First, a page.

Rebecca B. Thomas
Chattooga
County
Extension Coordinator

Spring has arrived, and it’s time to start working on the summer vegetable garden. This is my favorite time of the year. 

To have a successful garden, select a location where plants can receive 7 to 8 hours of sunlight

Make sure the soil is well amended and well drained. When the plants are in the ground, water them regularly using a drip or soaker hose.

“Aside from that, it is wise to visit your garden frequently to find disease and insects and to check for water stress.”

To help Georgians get started on choosing which vegetables to grow this season,

Rebecca Thomas offers her top eight picks for the tastiest and simplest vegetables to grow.

Green beans can be planted in the early spring in cooler soils. Harvest them when they are young. They’ll be tender and less stringy.

Squash come in many shapes and sizes and are easy to grow. Allow a lot of space

between each plant because squash is a wide-growing crop. Germinate squash from

seeds or buy them as a transplant. Also, winter squash should be seeded in late spring.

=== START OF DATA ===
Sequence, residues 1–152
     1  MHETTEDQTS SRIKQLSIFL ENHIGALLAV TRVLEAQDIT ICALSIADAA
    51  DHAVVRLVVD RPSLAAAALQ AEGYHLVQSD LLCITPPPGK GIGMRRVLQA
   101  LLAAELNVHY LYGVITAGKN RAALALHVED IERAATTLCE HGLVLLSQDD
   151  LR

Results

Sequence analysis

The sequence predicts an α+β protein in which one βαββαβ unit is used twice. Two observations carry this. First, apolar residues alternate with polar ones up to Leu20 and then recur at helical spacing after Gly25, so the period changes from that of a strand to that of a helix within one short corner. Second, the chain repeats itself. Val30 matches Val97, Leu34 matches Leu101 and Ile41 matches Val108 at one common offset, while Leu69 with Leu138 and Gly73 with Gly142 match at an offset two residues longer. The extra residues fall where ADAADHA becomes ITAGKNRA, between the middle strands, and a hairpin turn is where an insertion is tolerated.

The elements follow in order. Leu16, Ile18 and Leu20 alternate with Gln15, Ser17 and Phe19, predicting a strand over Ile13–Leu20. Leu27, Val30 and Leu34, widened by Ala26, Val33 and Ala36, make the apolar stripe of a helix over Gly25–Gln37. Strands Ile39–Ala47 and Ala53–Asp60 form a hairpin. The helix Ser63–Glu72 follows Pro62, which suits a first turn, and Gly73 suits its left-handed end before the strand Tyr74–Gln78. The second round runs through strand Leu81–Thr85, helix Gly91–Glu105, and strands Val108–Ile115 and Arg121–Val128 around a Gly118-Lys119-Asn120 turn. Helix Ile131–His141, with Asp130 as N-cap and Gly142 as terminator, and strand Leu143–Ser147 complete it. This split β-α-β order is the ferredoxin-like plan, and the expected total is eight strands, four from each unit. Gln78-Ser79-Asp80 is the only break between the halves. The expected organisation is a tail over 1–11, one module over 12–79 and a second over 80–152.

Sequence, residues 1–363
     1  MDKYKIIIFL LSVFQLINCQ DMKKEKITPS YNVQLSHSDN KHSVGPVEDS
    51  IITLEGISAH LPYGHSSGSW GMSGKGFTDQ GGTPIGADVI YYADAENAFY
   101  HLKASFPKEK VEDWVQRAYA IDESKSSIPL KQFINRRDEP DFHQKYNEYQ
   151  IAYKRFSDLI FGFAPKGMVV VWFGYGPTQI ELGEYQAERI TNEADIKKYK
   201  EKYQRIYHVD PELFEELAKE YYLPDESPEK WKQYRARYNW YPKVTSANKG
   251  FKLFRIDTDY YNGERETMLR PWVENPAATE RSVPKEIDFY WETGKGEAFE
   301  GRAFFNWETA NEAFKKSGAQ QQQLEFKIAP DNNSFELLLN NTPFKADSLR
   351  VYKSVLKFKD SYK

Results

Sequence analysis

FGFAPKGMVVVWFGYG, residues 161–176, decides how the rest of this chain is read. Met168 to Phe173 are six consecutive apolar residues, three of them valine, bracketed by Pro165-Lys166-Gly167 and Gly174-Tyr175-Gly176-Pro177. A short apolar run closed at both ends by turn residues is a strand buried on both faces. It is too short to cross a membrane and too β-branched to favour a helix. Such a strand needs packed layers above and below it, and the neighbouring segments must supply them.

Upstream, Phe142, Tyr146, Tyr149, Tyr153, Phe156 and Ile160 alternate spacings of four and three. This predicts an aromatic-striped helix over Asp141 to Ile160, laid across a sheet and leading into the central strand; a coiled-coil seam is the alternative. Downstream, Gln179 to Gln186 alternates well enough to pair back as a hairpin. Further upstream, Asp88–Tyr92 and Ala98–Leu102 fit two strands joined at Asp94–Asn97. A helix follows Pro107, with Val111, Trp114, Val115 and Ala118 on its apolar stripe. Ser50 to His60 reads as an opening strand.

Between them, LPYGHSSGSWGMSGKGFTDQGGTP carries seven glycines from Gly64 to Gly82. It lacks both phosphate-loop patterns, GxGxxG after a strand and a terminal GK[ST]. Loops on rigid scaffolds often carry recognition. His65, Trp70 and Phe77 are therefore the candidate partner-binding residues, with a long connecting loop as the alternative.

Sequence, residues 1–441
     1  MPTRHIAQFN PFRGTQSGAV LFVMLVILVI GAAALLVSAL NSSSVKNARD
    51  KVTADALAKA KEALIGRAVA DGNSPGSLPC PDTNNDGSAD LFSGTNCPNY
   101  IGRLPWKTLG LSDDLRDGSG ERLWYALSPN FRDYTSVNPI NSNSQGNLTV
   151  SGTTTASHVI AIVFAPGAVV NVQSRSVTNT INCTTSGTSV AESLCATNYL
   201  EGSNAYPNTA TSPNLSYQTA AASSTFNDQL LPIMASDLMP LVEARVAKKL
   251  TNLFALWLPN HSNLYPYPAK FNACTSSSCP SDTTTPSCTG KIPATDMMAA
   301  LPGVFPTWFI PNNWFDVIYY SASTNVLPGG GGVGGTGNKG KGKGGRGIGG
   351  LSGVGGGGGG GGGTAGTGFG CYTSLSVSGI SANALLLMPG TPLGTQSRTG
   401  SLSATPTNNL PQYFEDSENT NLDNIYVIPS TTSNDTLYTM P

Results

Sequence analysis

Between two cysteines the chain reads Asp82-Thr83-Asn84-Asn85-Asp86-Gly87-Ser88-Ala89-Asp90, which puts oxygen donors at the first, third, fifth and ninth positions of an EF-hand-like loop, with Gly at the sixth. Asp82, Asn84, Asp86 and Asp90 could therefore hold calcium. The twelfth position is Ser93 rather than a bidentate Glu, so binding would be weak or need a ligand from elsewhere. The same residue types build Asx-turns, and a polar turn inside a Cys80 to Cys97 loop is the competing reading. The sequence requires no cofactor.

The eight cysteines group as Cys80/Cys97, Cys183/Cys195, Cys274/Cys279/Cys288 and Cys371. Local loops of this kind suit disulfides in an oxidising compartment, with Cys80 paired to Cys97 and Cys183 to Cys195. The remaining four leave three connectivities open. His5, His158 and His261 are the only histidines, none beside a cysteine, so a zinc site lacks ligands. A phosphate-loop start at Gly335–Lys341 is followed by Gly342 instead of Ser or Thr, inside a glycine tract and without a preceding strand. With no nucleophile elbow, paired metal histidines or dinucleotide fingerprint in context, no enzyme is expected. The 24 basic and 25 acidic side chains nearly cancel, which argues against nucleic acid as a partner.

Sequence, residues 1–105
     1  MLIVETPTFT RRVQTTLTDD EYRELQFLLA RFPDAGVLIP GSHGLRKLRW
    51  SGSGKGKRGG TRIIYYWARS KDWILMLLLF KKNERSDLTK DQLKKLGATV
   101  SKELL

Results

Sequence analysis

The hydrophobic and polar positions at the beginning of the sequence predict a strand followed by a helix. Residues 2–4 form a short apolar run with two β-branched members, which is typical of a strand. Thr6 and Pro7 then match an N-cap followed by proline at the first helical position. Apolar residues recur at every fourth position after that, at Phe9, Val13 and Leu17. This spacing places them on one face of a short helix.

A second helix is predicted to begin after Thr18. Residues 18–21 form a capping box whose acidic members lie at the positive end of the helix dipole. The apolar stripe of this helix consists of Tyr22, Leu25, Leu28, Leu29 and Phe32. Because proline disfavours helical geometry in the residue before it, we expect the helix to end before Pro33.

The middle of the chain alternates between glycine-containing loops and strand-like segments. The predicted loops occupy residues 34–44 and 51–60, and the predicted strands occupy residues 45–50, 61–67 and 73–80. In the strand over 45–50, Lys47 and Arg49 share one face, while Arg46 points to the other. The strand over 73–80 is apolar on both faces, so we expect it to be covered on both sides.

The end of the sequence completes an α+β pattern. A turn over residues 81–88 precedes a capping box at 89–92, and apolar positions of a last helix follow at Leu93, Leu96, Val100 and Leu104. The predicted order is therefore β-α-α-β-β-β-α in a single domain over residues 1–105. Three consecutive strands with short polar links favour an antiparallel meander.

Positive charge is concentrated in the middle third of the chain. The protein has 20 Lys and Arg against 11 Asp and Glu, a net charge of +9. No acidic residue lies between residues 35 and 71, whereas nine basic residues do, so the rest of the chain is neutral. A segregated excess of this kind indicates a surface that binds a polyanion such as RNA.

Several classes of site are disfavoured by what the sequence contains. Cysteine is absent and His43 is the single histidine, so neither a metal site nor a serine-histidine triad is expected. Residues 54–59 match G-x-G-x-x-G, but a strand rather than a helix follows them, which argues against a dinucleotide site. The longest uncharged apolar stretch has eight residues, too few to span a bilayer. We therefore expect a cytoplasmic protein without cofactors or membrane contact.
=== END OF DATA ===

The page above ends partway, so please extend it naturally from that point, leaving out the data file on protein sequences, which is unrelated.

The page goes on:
Tomato plants can be started indoors from seeds or gardeners can buy them as

transplants from a local nursery. Stake tomato plants, and allow plenty of space for

air circulation.

Sweet corn is primarily wind pollinated. Planting in rows provides a higher chance of

pollination. Corn requires a good deal of fertilizer and water to survive. “I like it best

because if you harvest the sweet corn, the flavor and taste is different than what

you buy in the store,” Ms. Thomas says.

Eggplant is a unique vegetable that adds shape to your garden. There are multiple

varieties of eggplant, but black beauty is the most common. Be wary of flea beetles

that tend to riddle the plants with holes, making plants weak.

Bell peppers grow best as transplants and can be harvested from summer to the first

frost. Most can be grown without staking. They are great for cooking or fresh

eating.

Cucumbers are relatively simple to grow. Because they spread out as they grow on a

vine, it’s best to grow them on a trellis or fence to get them off the ground. They

require water or they will become bitter as they near harvest time.

Okra should be the last vegetable planted in a spring garden. It starts slow, but

takes off like a weed on hot, muggy days. It sets pods fast, so stay up with its

harvest. Pods that are left on the plant too long become woody and do not taste

very good.

Rebecca B. Thomas
Chattooga County Extension Coordinator
10011 Commerce Street, Summerville, GA  30747
Phone: 706-857-0744 / Fax: 706-857-0746
E-mail:
rbt@uga.edu / www.ugaextension.com/chattooga